SSA's Commitment to Protecting Privacy through Compliance

We have a long history of collecting information to carry out our mission. Information that we collect is about your wages, identifying information, employers, addresses, and much more. The first regulation we published included a commitment to the public to safeguard the personal information you entrust to us. This commitment is as solid as it was when Social Security began in 1935 and is further strengthened by privacy laws. We cannot publicly release much of our information because it is protected by privacy laws, the Internal Revenue Code, and other statutes. While we can anonymize some of the information, much of it we cannot. Our FOIA process and other transparency efforts recognize these constraints, and we will protect privacy in disclosures in accordance with applicable laws.

Learn more about our compliance with privacy laws below:

System of Records Notices (SORNS)

The Privacy Act of 1974 (5 U.S.C. 552a) requires each Federal agency to publish a notice in the Federal Register of each system of records that it maintains. A system of records is any grouping of information about an individual under the control of a Federal agency from which information is retrieved by the name, Social Security number, or some other personal identifier.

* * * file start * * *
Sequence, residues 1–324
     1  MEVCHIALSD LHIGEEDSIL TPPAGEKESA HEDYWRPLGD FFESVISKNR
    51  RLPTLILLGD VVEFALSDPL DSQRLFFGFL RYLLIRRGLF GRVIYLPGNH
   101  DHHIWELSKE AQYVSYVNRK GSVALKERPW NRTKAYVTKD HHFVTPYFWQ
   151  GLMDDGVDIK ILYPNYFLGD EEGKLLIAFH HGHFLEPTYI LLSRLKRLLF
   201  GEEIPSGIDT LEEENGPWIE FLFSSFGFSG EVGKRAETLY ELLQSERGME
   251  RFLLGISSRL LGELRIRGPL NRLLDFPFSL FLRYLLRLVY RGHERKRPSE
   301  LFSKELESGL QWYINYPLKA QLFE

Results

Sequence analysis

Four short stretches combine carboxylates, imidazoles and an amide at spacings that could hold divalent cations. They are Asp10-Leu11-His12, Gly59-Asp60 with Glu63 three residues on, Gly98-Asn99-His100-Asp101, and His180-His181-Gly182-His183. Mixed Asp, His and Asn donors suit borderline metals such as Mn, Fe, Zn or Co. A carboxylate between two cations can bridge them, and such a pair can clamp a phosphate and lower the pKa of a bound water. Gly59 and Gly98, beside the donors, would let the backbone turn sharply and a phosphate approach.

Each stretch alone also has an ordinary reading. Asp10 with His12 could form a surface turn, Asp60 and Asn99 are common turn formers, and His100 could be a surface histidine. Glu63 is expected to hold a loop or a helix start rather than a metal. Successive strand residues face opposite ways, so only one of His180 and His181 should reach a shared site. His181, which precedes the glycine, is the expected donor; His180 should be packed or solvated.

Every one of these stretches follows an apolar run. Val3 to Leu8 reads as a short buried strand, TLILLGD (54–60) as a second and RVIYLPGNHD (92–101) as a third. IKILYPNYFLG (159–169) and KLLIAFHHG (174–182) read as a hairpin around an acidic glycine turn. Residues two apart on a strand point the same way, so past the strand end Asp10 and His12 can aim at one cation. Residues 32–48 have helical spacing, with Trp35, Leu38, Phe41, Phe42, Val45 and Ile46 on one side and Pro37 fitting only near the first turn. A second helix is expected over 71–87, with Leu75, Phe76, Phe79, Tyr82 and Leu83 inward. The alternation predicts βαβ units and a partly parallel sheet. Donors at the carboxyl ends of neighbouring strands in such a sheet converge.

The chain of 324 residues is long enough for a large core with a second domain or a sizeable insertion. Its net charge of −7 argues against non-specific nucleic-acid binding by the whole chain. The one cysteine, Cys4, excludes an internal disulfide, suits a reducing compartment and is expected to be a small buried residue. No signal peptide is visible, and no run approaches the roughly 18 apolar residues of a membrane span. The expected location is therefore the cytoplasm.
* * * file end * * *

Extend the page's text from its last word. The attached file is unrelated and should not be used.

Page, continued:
Review SORNS that SSA Maintains

Privacy Impact Assessments (PIAs)

President George W. Bush signed the E-Government Act of 2002 (Public Law 107-347, 44 U.S.C. Ch 36) on December 17, 2002. It became effective on April 17, 2003. Section 208 of the E-Government Act requires that the Office of Management and Budget issue guidance to agencies on implementing the privacy provisions of the E-Government Act. The E-Government Act requires agencies to conduct PIAs for their electronic information systems and collections. Agencies must make these PIAs publicly available.

Review PIAs Conducted by SSA

Government Information Exchanges

Federal statutes (including section 1106 of the Social Security Act, the Privacy Act of 1974, section 6103 of the Internal Revenue Code, and related Social Security regulations and policies) protect and control the privacy of all personal information SSA maintains.

The Privacy Act and related legal authority we note above allow SSA to disclose information from its program records to Federal, State, and local agencies for certain "routine uses." These routine uses are permissive uses of information SSA collects and are defined in the Privacy Act at 5 U.S.C. § 552a(a)(7) as follows: "with respect to the disclosure of a record, the use of such record for a purpose which is compatible with the purpose for which it was collected."

Thus, when a Federal, State, or local agency requests data from SSA, the agency must ensure that the purpose of the request is compatible with administration of SSA programs.

Learn More about Government Data Exchanges and Privacy

Internet Privacy Policy

As a Federal agency, the Privacy Act of 1974 (5 U.S.C. § 552a) requires us to protect the information we collect from you. We respect your right to privacy and work to protect it when you visit our website.

Read SSA's Internet Privacy Policy

Links to Privacy and Disclosure Law and Guidance